Matthew F. McHugh

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Matt McHugh
MatthewMcHugh.png
Member of the U.S. House of Representatives
from New York's 28th district
In office
January 3, 1983 – January 3, 1993
Preceded by Samuel S. Stratton
Succeeded by Louise Slaughter
Member of the U.S. House of Representatives
from New York's 27th district
In office
January 3, 1975 – January 3, 1983
Preceded by Howard W. Robison
Succeeded by George C. Wortley
Personal details
Born Matthew Francis McHugh
(1938-12-06) December 6, 1938 (age 78)
Philadelphia, Pennsylvania, U.S.
Political party Democratic
Spouse(s) Eileen McHugh
Education Mount St. Mary's University (BS)
Villanova University (JD)

Matthew Francis "Matt" McHugh (born December 6, 1938) is a former Democratic member of the United States House of Representatives from New York.

Biography[edit]

Early life and education[edit]

McHugh was born in Philadelphia, but spent most of his adult life in New York City. He attended Brooklyn Technical High School and Mount St. Mary's University, from which he earned a Bachelor of Science degree in 1960. He then attended the Villanova University School of Law, earning his Juris Doctor in 1963.

Political career[edit]

After several years of private practice in Ithaca, New York, he became the district attorney of Tompkins County from 1969 until 1973. For the next two years, he was a member of the state Democratic Committee.

McHugh was elected to the U.S. House in 1974, defeating his opponent, then-Binghamton Mayor Al Libous, a Republican, in the general election.[1] McHugh won the 1974 election with 83,562 votes, while Libous placed second with 68,273 votes.[1] He became the first Democrat to represent this district since 1915.

McHugh served in the House from January 3, 1975 until January 3, 1993. Although he was an avid civil rights supporter and member of the liberal wing of the Democratic Party, McHugh was known for his bipartisanship. McHugh was a member of the House Select Committee on Children, Youth, and Families[2] during his final ten years in Congress. He had previously served on the Veterans' Affairs, Agricultural, and Interior Committees.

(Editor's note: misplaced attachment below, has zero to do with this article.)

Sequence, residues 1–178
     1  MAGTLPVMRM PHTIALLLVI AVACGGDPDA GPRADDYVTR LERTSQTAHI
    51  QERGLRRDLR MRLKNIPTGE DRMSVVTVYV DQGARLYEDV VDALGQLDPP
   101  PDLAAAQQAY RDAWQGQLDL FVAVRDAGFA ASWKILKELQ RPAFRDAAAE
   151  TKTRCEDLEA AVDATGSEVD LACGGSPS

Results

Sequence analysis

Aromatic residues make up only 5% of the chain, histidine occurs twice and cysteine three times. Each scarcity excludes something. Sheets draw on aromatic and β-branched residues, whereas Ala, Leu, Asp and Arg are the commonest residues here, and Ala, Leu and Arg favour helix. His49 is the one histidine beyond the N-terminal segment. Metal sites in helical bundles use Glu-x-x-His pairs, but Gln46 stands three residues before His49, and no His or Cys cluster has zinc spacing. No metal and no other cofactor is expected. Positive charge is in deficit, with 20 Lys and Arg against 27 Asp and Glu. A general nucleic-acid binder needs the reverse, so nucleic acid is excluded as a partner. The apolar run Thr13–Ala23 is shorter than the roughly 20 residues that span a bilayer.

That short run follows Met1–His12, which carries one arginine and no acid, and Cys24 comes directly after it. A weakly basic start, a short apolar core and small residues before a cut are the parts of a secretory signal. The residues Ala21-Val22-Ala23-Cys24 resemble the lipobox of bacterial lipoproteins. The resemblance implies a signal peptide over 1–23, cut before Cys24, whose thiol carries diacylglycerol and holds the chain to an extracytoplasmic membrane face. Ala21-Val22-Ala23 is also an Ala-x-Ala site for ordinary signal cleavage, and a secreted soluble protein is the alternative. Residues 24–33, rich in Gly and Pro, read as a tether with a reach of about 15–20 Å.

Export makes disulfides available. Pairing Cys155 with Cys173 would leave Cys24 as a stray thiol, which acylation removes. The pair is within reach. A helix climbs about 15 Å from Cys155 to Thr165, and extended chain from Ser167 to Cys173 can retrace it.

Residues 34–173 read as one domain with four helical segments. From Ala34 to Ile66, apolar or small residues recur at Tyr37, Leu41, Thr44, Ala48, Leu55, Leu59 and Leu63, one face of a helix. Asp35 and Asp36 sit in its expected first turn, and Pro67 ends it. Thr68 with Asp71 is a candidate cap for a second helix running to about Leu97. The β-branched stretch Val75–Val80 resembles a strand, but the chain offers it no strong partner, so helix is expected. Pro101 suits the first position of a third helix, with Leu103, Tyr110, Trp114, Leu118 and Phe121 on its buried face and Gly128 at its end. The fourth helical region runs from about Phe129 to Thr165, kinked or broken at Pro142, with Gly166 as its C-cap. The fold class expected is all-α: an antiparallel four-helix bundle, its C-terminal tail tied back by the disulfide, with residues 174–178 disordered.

In 1992, McHugh chose not to run for reelection.

McHugh is currently a resident of Leesburg, Virginia. After retiring from the House, he originally worked as the vice president of Cornell University. He is employed by the World Bank.[citation needed] He also serves on the board of directors of free-enterprise advisory services firm, FTI Consulting.[3]

Matthew has 3 daughters: Alanna, Kelli, and Meg. He also has eight grandchildren: Meghan (Alanna's daughter), Elizabeth (Kelli's daughter), Jack (Meg's son), Allison (Meg's daughter), Ryan (Meg's son), Eileen (Kelli's daughter), Grace (Meg's daughter), and Patrick (Kelli's son).

References[edit]

  1. ^ a b Platsky, Jeff (2016-06-30). "Former Binghamton Mayor Al Libous dies". Press & Sun-Bulletin. Retrieved 2016-07-18. 
  2. ^ Children, youth, and families: Beginning the assessment. Hearing before the Select Committee on Children, Youth, and Families; House of Representatives, Ninety-Eighth Congress, First Session[permanent dead link], United States House of Representatives, Washington, DC, 28 April 1984, Original document retrieved 19 January 2014 from ERIC at Ed.gov: Institution of Education Sciences.
  3. ^ Board of Directors of FTI Consulting

External links[edit]

U.S. House of Representatives
Preceded by
Howard W. Robison
Member of the U.S. House of Representatives
from New York's 27th congressional district

1975–1983
Succeeded by
George C. Wortley
Preceded by
Samuel S. Stratton
Member of the U.S. House of Representatives
from New York's 28th congressional district

1983–1993
Succeeded by
Louise Slaughter